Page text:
Is LEED still relevant?

I was thumbing through an old copy of the New York Times Magazine recently and came across a short item about the U.S. Green Building Council‘s Leadership in Energy and Environmental Design certification process (better known as LEED certification). LEED has become the standard bearer for green design, making it pretty easy for developers to brand their projects as environmentally friendly by following a checklist of requirements.

The LEED scoring system still has some wrinkles to iron out. While it usually costs developers more money to jump through all the hoops that are necessary to obtain LEED certification, there’s little evidence that a LEED-certified building will actually be more environmentally sustainable than one that hasn’t sought certification.

Here’s what the NYT had to say about LEED:

Developers end up having to bring in a small army of consultants and reviewers to approve every step… At the same time, if you’ve got the cash, LEED is an easy system to game. As critics like to point out, a $395 bike rack and a multimillion-dollar low-energy A.C. system both get one point. Nor does the point system consider regional particularities; two critics wrote in a 2004 paper that “water conservation is more of a priority in hot, dry climates, yet the U.S.G.B.C. awards the same number of credits for water conservation in Seattle as in Phoenix.”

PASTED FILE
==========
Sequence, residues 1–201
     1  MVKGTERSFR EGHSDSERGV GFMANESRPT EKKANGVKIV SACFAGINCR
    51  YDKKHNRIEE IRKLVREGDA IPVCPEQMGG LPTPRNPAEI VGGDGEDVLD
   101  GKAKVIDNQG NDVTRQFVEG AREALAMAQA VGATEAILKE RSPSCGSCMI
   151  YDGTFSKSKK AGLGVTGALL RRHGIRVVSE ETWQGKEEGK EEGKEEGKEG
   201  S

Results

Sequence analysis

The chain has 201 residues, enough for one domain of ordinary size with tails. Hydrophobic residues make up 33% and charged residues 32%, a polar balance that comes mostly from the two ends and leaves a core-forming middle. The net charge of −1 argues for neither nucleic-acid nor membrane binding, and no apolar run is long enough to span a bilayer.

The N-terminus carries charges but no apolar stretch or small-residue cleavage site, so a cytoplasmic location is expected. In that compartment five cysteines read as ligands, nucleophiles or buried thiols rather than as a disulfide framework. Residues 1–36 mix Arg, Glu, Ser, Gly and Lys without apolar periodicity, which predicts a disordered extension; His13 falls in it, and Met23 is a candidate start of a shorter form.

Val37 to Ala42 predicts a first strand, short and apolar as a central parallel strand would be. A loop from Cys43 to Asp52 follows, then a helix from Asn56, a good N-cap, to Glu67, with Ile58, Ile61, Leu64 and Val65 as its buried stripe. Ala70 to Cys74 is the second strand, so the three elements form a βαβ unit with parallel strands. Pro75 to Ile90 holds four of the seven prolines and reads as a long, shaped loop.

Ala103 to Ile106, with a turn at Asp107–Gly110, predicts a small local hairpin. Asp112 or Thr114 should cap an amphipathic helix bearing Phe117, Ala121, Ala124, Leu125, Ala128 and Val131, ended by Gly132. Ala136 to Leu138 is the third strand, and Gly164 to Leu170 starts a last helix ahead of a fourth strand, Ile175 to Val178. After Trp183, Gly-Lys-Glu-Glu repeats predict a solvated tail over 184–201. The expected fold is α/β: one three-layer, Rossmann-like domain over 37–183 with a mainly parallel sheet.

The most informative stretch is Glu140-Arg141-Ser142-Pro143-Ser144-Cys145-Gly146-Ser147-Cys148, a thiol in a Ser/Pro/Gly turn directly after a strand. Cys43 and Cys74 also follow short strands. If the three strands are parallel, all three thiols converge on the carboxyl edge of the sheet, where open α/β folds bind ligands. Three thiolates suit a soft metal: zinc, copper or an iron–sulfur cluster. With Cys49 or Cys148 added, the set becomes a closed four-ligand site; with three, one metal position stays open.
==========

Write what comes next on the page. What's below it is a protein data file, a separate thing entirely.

Some other criticisms in the NYT piece are that the LEED process doesn’t take into consideration the life cycle of buildings and the maintenance they will require down the road, and that the system puts forth “proscriptive requirements” that discourage innovation.

The U.S. Green Building Council is responding to criticism, and they’re set to modify standards in January. According to a press release, “points will be allocated differently and reweighed, and the entire process will be flexible to adapt to changing technology, account for regional differences and encourage innovation.”

What’s the benefit of having a single governing entity like the U.S. Green Building Council? Is LEED certification even important anymore?

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